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Undergraduate Research Day 

This year, six UMSL students have been chosen to share their university research experiences with state lawmakers in Jefferson City for Undergraduate Research Day at the Capitol. Of these six, four are Psychological Sciences students. Undergraduates are selected based on their significant involvement in the research enterprise of the university, either with their own project or through meaningful involvement with an on-going faculty project. This year's Undergraduate Research Day is scheduled for April 5, 2018.





Claudia Campbell (senior) and Elise Trombetta (B.A. Fall 2017) work in Dr. Rachel Wamser-Nanney's lab. When discussing their research, Claudia said, "Our research was regarding symptoms following complex trauma exposure in children, or multiple or chronic interpersonal trauma that begins early in life, leading to widespread dysregulation. We compared the exposure and subsequent symptoms of both white and black children to determine any racial disparities.  We found few differences, however, white children endorsed higher levels of anxiety/depression, social concerns, and internalizing symptoms, and Black children experienced more sexual concerns."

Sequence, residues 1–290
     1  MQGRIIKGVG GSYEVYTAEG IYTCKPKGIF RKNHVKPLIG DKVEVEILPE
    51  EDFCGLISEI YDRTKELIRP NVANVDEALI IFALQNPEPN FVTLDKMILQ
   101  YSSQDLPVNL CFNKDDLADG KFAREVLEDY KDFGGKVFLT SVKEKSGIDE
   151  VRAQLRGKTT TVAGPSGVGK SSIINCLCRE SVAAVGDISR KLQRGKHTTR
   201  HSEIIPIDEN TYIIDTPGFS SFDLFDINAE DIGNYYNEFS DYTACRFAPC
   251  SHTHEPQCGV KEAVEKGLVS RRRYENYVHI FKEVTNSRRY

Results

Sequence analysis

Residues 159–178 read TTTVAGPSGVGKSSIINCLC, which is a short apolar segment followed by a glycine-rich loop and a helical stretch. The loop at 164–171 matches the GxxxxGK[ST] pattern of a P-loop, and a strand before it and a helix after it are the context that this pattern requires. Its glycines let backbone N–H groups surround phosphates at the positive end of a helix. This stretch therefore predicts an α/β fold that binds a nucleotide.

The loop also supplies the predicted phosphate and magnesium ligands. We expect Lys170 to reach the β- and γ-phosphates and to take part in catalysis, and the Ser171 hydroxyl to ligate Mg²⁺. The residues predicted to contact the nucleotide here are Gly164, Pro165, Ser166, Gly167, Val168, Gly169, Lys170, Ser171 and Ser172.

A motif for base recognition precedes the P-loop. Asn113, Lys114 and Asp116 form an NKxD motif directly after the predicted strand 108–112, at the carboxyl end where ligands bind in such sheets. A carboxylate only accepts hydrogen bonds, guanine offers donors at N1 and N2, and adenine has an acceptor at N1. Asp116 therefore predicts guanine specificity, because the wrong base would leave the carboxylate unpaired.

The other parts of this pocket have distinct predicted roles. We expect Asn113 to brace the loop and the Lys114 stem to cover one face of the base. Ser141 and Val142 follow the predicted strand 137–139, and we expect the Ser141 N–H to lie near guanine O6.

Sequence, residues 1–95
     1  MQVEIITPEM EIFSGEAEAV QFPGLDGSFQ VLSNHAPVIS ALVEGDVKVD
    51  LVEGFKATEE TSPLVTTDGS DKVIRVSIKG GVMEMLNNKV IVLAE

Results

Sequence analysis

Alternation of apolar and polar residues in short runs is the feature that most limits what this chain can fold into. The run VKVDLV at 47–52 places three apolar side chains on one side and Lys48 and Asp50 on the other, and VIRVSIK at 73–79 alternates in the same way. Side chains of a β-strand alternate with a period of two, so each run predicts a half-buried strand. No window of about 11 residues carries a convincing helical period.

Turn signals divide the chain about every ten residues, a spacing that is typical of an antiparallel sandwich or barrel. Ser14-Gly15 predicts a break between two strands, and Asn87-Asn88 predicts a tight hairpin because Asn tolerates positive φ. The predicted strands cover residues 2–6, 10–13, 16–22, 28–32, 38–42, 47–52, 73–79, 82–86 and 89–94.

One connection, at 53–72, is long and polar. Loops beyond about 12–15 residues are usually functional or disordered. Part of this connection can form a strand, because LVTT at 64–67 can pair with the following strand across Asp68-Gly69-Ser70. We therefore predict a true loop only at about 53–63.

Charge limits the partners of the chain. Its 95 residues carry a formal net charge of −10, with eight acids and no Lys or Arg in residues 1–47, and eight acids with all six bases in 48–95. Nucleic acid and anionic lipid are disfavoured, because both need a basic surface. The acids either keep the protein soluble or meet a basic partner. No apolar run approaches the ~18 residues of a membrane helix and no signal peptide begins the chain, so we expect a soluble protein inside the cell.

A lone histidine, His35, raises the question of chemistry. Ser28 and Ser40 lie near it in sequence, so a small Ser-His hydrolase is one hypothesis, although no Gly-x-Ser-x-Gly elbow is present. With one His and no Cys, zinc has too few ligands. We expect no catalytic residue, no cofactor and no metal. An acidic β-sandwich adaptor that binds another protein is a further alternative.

Junior Drake Anderson, who works in the labs of Dr. Bettina Casad and Dr. Suzanne Welcome, will present physio and EEG data on women experiencing sexism when interacting with sexist men. His poster is titled "Staying Silent in Response to Sexism: Is it Bad for Your Health?".


Samantha Murphy, who is a senior and works in Dr. Suzanne Welcome's lab, was asked to describe her research: "...we were interested in the theory that individuals who struggled to learn to read may rely more heavily on meaningful word relationships. Using event-related potential, we measured the electrical signal, N400, and found that self-reported reading difficulty scores were strongly associated with the size of expectancy effects among a sample of college students."




Mamie Phipps Clark Diversity Research Grant Recipient

Savannah Price is a senior who works in the lab with Dr. Bettina Casad and is a member of UMSL's chapter of Psi Chi, the international honor society in psychology. She has been selected as a recipient of a 2017-2018 Mamie Phipps Clark Diversity Research Grant for her proposal "The Role of Identity and Intergroup Threat in Anti-Immigrant Attitudes and Economic Pessimism in Greece and Italy". This grant highlights research projects by Psi Chi students and faculty who focus on diverse populations and issues.